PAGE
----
Yeah, in some ways I guess it would be rad if the game did sort of link the cities in the region or neighbours adjacent to you and know where they are geographically. So you could have a big industrial city to your east and a big mining city to your west and you'd get a lot of big freight trains going back and forth. Or there's an important regional highway going through your map already filled with cars and freight trucks. Of course though now we're getting into actually simulating the traffic on the region scale, which is a lot of work. I mean that's cool as hell but I don't know if it's in the programming budget or cpu power budget.

It could be abstracted though. The game would simply know the region has an overall population of X thus Y% of X cars and trucks are generated and randomly attempt to drive from one edge of your map to the other, weighted by the size and number of connections. Just a sort of abstracted regional traffic in the forms of cars, trucks, and trains. This would be through traffic of no benefit to you but simply the price for a growing region and growing economy. Yes you invested in expanding the regional highway system and it's improved the region's economy, but with the increased mobility comes more cars and trucks driving through your map. Want to avoid regional traffic by just having a a few small 2-lane road connections to the outside world? Sure, you have less traffic but you're also not as connected to the regional economy and you're going to stay a sleepy farming town until you upgrade those connections.

Baronjutter
Dec 31, 2007

"Tiny Trains"


That's fair enough. But if the region does start out semi-populated with neighbours and they grow and change, could the initial population/development of the region be a map creation option? As well perhaps how quickly the region grows or reacts to what you're doing?

Also parking is super important. Parking takes up tons of land is is pretty much the #1 difference between a city developing like say Dallas, or like Munich. You can build tons of highways and 50 lane roads, but if there's nowhere to park cars at or near housing for people to own cars, and no where to park cars at the destination, people can't really drive around.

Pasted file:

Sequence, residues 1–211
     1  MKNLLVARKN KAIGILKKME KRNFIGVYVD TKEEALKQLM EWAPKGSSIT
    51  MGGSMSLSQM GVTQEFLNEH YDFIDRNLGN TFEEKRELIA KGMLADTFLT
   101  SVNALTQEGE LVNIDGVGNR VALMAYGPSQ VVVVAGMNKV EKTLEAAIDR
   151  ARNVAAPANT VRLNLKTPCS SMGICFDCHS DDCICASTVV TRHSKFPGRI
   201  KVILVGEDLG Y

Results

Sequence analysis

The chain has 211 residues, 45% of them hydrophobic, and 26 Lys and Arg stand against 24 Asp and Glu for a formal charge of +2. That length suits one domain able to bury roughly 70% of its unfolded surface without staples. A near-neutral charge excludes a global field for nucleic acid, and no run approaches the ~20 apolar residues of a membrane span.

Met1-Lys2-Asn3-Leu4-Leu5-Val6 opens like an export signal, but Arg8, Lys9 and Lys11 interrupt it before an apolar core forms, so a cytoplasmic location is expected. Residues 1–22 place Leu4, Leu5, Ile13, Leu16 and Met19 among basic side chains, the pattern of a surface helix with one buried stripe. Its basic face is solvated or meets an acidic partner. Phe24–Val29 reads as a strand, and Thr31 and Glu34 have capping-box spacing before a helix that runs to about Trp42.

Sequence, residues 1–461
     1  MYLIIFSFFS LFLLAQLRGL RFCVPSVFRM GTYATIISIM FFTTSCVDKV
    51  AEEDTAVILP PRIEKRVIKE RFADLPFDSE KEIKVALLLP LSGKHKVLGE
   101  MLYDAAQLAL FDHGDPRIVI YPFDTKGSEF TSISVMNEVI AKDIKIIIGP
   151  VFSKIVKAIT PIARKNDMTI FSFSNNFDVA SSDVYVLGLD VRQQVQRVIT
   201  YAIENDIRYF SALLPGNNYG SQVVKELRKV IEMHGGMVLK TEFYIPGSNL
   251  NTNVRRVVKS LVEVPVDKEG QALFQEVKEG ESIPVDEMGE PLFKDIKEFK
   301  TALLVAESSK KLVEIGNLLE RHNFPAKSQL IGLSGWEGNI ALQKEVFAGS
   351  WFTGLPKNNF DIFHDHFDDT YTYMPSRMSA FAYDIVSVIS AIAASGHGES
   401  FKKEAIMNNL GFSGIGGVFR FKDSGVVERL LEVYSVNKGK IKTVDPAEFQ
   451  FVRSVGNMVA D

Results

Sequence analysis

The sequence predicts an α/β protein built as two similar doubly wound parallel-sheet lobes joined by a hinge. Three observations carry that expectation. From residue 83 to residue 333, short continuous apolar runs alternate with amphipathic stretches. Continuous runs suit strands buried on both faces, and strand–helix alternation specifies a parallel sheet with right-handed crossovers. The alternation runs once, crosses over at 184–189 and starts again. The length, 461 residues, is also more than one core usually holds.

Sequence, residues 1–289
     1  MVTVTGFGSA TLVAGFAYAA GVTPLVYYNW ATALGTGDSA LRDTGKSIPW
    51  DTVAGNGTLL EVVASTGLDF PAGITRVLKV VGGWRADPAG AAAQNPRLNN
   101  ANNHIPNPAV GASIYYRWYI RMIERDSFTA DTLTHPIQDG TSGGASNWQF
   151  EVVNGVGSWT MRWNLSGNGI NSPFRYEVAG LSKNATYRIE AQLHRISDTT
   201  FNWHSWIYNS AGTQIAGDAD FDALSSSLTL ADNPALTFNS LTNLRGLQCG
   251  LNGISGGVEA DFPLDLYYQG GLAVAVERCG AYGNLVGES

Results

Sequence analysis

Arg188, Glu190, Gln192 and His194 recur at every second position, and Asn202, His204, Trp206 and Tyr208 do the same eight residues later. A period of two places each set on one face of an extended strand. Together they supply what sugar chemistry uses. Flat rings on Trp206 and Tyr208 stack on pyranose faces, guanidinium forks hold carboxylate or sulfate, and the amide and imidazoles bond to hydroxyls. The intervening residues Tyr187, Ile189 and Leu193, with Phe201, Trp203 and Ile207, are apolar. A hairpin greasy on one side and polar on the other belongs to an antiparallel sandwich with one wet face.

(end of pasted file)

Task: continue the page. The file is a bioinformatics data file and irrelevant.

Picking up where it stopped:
I'd love to see both street parking and off-street parking modeled, I know it's tricky and never been done in a city builder but it's really that important. Parking takes up so much land if it's surface parking, which reduces density, which spreads things out, which then requires more roads (vicious cycle). Parking in an urban environment (multi-level, underground) is extremely expensive and adds hugely to the cost of the buildings.

Baronjutter fucked around with this message at May 4, 2014 around 23:25

Baronjutter
Dec 31, 2007

"Tiny Trains"


It's really not hard to make a road from your perfect spot to the edge of the map. How else do people come to your city or is it some post-apocalypic last city on earth thing? I love an excuse to make a cool winding mountain road through the wilderness.

Baronjutter
Dec 31, 2007

"Tiny Trains"


I'd rather not have a pre-build road at the start because I don't trust the game to make it pretty enough or in the "right" spot, but I certainly hope we need some sort of connection to the outside world before people move in.

Baronjutter
Dec 31, 2007

"Tiny Trains"


ToastyPotato posted:

I guess no one here played Cities XL very much but in that game you have to draw a connecting road as the first step in your city.

Yeah that's exactly what I'm expecting. Hell of a lot easier than writing a whole "initial road AI" that reads the starting terrain and paths a road through potentially rough terrain.

Baronjutter
Dec 31, 2007

"Tiny Trains"


Thanks for the insane late-night ramblings! You're really making rapid progress, plus staying amazingly active responding to our stupid questions.

So what you're saying is that time is a 4-season cube?

Baronjutter fucked around with this message at May 7, 2014 around 06:07

Baronjutter
Dec 31, 2007

"Tiny Trains"


The fact that you can read through my ridiculous mega-posts shows amazing patience.

Baronjutter
Dec 31, 2007

"Tiny Trains"


That's a good start for a tool to get really fiddly with roads, but that's something the average user is going to find a little too fiddly. If I want a 4 lane road with wide sidewalks and a treed boulevard I don't want to have to manually lay down those elements every time. I want to just click on a road tool, click on the "4 lane boulevard" tool and lay down some roads. At the same time I'm not a traffic engineer but I know there's a lot of "correct" styles of highway junctions. I just want to click a button, junctions, and plop down a cloverleaf.